Reed Seifer, the graphic artist who devised the “optimism” project in art school, with a new-look MetroCard. (Photo: Yana Paskova for the New York Times)

“The Waterfalls” flowed in the East River. “The Gates” snaked through Central Park. Now New York’s latest large-scale public art project is being exhibited in an even unlikelier space: your wallet.

On the back of seven million MetroCards distributed this fall is a single printed word: “optimism.” Composed in clean, bold, sans-serif letters, it floats in a sea of white just beneath the boilerplate fine print. Another seven million are on the way early next year.

At first glance, the word appears simple and unassuming, a non sequitur easily overlooked amid the blur of travel in the city. Even its creators acknowledge that many subway and bus riders may never see it.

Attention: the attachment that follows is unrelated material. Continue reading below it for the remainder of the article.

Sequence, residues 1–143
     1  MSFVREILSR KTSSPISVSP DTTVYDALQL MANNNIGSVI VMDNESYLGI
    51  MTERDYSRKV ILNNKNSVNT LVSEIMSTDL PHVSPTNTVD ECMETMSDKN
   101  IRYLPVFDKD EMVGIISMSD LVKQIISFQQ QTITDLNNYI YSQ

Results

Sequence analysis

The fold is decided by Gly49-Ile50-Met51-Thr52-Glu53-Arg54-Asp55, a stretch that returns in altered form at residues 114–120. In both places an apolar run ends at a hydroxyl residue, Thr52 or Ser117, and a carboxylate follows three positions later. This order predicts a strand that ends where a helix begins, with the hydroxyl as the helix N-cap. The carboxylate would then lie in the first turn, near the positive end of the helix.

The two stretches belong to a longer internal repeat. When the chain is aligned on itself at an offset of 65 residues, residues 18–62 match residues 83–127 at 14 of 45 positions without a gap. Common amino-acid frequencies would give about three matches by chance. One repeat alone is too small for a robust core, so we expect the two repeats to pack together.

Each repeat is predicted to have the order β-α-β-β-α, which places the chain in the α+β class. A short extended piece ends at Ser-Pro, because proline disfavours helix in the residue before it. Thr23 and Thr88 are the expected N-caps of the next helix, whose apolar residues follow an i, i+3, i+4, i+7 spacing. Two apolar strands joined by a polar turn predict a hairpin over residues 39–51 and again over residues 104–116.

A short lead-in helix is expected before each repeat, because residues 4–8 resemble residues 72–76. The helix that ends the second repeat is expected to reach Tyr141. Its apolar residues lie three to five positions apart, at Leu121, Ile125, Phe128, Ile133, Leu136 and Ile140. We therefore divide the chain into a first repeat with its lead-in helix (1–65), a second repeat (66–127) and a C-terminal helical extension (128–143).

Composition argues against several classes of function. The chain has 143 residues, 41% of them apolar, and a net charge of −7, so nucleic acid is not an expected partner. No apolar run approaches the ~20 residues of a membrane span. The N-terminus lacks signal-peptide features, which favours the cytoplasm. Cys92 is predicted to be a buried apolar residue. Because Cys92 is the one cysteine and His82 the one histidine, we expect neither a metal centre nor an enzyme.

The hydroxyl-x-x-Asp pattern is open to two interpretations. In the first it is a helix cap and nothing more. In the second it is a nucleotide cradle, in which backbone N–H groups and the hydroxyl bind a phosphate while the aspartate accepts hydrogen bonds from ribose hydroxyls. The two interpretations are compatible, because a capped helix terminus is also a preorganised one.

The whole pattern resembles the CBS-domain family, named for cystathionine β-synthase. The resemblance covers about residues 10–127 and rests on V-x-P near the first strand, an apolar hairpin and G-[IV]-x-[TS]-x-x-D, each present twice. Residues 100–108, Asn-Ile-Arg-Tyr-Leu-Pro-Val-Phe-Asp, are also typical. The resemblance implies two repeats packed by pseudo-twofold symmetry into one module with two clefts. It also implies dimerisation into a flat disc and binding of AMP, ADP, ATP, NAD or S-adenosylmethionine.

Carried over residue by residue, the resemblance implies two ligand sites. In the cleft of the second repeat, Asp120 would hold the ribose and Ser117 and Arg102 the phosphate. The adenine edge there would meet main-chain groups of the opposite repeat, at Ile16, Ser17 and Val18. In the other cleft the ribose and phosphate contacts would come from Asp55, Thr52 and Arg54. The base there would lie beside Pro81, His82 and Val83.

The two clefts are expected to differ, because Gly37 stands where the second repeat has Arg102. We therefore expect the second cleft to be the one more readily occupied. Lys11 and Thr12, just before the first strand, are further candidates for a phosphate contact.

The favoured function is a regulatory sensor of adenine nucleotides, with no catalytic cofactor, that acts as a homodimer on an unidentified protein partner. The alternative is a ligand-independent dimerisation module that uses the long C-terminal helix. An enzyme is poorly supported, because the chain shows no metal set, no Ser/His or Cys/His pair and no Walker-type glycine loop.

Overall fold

But as unemployment in the city reaches a 16-year high, as corporations close and deficits mount, optimism has become a scarce commodity, aboveground and below. New York, it seems, could use a chance to restock.

“God knows people want to feel good, they want to feel up, they want to feel positive,” said Christopher P. Boylan, who oversaw the project at the Metropolitan Transportation Authority. “If I can make a couple of customers smile a day, that’s nice.”

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Michael M. Grynbaum
New York Times

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